Shabbat Greetings from Stuart Skolnick

Stuart SkolnickA train ride into New York City afforded me the opportunity to read some Torah commentaries on this week’s parasha. And interestingly, both Reform and Conservative commentators picked up on the same point. This Shabbat we read the story of Korach and his revolt against the leadership of Moses and Aaron.  As a Levite, a member of the tribe of Levi, and like Moses and Aaron in that way, Korach was galled by the fact that Moses was in charge. He didn’t understand why Moses and Aaron should have all of the power and control. After all, we were told at various points in the Torah and contemporaneously through the journey from Egypt to the Promised Land that “The whole congregation, all of them are holy.” By this reasoning, shouldn’t anyone be able to be the leader of the Israelites? And here is where the commentators agree. As in so many instances in the Torah, a very close and careful reading provides the answer. Dr. Benjamin Sommer observes, “These verses never simply tell us, as Korach does, that all Israelites are inherently holy. Rather they command Israelites to become holy by observing the mitzvot that the Torah commands” (emphasis added). Just before giving the 10 Commandments, God says (Exodus 19:5-6), “So now, if you all truly obey Me and adhere to My covenant, you will be My personal treasure from among all nations.” Korach has overlooked the word “if” and that changes the picture entirely. His presentation suggests that we inherit holiness where the text makes it conditional. We are commanded to perform mitzvot in order to attain holiness. Each of us has a stake in creating our own claim to holiness. And part of what is required of us involves watching our speech. From the earliest moments of each morning service we are reminded of this. We proclaim, “Baruch she-amar v’ hayah haolam”. Blessed is the one who spoke (emphasis added) and the world came to be. God was able to create the world with just his words. So we all need to be mindful of the power of language. Leaving off, or including, one word at times can make all the difference.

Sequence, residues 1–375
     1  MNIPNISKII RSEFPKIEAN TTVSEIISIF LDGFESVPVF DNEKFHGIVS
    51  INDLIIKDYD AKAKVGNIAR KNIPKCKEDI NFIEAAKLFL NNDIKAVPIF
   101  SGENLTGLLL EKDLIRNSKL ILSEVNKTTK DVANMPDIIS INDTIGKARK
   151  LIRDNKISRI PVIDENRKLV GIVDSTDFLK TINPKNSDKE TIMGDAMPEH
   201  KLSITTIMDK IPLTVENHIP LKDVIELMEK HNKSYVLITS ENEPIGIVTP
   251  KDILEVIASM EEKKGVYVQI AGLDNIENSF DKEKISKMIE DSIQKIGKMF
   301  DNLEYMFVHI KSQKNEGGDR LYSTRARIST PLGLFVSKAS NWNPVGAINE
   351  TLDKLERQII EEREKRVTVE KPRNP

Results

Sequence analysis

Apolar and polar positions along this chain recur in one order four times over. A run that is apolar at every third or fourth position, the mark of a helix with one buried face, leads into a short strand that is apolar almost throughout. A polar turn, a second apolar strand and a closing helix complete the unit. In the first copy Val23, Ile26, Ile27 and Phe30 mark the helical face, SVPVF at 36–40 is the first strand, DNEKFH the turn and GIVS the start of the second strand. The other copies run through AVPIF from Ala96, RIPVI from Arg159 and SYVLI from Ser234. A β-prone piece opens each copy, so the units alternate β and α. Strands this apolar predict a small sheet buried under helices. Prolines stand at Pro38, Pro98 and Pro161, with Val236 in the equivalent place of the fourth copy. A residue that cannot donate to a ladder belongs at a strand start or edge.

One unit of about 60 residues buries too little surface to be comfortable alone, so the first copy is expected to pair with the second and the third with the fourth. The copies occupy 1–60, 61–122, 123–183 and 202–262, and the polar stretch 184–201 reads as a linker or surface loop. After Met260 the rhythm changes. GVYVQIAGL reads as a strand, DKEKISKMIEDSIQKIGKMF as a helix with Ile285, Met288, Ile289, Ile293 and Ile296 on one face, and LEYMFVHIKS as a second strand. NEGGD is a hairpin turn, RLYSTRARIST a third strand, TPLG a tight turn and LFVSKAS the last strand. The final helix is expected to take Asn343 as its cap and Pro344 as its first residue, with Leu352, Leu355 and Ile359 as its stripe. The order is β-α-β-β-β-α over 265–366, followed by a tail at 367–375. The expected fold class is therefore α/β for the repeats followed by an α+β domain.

Shabbat Shalom!

Author: Melissa